Diner is an aesthetic focused around the architectural design of vintage American diners, usually from the 1950s. This type of restaurant was cemented into American culture with the rise of travel during this time period. Having a place to rest and eat hearty food was a boon for many people who started road-tripping. Today, many travelers still go to diners, but they have gradually declined because of the fast food industry, chain restaurants, and a desire to eat new foods.
While the diner is a stop for travel, it also provides comfort to the locals and facilitates new encounters with kind strangers. Its owners and employees are typically the paragon of American home-y stereotypes: hard-working blue collar people who want to make a living and enjoy life in their independent restaurant. Diners also evoke comfort in Americans because of the comfort food they serve.
The diner is a significant place in fiction because of this. Media, especially centered around high school students or wanderers, typically uses diners as meeting places or encounters with new characters.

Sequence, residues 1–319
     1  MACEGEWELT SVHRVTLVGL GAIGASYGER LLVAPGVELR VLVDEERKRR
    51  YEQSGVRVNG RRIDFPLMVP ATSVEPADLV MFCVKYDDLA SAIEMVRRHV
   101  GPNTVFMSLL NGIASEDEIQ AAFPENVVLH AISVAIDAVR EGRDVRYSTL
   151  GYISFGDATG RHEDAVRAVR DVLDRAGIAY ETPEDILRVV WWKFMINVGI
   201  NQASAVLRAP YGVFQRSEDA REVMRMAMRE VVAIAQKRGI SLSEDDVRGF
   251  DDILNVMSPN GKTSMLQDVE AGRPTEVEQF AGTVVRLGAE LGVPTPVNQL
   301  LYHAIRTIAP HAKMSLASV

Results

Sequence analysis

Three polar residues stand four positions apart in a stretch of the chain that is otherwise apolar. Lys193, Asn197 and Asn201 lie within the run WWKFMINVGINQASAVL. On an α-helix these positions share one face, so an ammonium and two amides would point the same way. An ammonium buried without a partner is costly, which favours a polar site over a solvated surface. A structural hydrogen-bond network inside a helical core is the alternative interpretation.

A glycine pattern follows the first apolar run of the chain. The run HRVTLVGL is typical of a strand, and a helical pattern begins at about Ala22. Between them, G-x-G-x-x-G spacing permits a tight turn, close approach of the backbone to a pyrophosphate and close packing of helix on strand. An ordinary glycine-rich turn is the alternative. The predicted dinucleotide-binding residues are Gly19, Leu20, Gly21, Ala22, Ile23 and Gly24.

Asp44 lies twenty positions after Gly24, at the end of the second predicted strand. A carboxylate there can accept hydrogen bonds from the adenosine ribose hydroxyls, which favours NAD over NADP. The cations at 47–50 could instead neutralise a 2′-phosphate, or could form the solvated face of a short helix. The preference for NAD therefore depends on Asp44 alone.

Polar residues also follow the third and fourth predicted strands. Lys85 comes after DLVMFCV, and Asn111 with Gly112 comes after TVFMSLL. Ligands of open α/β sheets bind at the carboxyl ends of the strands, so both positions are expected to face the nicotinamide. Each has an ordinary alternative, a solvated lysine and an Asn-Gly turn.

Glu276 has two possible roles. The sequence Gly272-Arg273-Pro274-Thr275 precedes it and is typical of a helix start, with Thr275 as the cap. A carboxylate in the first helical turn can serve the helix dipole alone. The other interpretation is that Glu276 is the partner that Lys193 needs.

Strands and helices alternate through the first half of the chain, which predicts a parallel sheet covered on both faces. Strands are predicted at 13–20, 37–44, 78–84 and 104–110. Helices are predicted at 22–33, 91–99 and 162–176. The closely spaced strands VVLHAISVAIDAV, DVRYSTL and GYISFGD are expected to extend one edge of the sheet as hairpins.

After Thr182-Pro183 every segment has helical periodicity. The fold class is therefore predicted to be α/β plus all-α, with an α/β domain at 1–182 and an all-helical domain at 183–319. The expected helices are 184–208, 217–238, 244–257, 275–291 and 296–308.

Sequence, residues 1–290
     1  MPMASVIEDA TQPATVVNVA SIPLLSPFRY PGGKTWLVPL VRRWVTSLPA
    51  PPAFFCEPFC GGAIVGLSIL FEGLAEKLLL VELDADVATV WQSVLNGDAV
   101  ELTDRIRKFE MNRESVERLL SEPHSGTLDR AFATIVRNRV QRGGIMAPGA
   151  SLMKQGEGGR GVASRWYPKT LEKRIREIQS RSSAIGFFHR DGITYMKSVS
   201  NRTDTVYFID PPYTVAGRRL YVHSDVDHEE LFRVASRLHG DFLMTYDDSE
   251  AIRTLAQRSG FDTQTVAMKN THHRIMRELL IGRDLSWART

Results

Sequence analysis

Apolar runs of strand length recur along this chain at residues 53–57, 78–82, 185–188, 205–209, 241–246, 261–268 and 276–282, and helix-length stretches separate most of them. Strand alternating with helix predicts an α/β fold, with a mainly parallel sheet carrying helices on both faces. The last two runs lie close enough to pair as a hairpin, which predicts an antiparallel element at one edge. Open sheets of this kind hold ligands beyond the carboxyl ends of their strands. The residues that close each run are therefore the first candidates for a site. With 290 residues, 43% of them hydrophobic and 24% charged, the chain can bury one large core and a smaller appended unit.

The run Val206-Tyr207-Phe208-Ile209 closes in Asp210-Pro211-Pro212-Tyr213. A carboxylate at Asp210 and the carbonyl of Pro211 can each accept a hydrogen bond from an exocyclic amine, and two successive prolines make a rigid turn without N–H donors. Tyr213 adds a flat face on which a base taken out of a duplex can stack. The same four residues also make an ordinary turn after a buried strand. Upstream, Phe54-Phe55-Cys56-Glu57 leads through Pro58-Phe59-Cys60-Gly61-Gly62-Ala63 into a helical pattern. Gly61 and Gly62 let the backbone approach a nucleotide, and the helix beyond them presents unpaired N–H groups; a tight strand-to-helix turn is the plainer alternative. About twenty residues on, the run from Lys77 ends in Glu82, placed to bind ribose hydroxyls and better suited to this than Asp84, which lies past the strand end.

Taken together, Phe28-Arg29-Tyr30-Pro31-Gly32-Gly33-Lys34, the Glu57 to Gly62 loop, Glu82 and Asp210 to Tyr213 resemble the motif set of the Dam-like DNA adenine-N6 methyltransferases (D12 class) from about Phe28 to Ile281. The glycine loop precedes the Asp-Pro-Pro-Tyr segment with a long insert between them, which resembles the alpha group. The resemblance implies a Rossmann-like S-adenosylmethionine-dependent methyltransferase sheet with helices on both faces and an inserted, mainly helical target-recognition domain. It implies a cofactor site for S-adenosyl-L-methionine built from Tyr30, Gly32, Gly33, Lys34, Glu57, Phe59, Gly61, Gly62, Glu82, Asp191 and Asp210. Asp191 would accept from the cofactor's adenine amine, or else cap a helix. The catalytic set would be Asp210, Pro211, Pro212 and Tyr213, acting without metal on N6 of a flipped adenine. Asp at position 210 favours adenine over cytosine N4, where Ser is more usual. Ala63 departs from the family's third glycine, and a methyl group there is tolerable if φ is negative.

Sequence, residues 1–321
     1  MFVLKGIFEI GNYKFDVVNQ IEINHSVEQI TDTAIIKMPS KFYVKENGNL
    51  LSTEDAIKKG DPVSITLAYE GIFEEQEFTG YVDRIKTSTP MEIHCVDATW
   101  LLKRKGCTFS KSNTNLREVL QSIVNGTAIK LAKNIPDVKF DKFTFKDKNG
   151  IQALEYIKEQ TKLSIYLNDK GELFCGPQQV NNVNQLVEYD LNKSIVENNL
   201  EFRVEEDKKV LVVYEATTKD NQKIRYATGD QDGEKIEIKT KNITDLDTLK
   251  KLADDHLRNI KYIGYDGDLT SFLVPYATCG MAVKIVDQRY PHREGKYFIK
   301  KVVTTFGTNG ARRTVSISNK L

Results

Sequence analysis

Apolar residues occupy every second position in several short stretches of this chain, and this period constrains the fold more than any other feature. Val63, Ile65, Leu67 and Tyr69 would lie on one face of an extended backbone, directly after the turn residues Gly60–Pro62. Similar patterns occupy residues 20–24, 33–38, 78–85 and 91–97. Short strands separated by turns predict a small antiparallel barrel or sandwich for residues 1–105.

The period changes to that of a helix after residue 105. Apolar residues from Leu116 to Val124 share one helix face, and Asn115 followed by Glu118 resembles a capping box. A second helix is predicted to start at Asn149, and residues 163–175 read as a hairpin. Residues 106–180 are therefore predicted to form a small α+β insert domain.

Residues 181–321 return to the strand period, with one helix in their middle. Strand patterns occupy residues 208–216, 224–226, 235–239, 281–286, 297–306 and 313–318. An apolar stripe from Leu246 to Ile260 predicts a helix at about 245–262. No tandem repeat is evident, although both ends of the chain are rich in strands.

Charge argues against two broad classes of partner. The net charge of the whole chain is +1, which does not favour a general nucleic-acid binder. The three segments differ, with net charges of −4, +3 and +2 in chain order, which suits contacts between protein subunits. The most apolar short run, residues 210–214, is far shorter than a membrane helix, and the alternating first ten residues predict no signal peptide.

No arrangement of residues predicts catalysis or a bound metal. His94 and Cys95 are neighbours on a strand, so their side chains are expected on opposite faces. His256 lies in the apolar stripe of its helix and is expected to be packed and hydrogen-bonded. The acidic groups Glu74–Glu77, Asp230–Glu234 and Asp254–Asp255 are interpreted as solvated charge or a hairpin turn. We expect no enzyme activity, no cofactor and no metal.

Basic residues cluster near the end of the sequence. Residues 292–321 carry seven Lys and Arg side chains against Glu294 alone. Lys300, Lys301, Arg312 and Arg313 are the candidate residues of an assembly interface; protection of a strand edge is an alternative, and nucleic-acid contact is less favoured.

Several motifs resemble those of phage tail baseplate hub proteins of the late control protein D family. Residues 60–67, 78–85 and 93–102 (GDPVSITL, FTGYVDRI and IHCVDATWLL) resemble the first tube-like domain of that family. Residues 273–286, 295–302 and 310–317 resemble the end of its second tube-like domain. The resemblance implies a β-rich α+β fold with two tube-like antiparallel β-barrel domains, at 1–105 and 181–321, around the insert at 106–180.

There are mainly 2 types of ways this aesthetic is utilized. One is the traditional, and the other is modern. The traditional version uses warmer colors and generally sticks closer to historical accuracy, with little to know use of over-the-top tropes and kitsch. The modern version is as it sounds--a modern take on the 1950s diners, transforming it with brighter colors, sometimes neon and Glowwave. Many modern businesses also try to capitalize on the novelty and clutter the restaurant with paraphernalia that reminds the diners of the 1950s.
- Breakfast foods such as pancakes and eggs
- Burgers and French fries
- Checkered floors
- Chrome counters
- Coca-cola, and specifically this brand
- Ice cream sundaes
- Napkin dispensers
- Mugs of coffee
- Neon signs
- Photographs of famous people visiting the establishment, newspaper clippings, advertisements, etc.
- Roller skates
- Waitress uniforms
The fashion generally sticks to general 1950s fashion, but usually with a focus on the waitress outfits of that time. Some diners also advertise that their waitresses use roller skates, a connection to the rise of the roller rink in the past.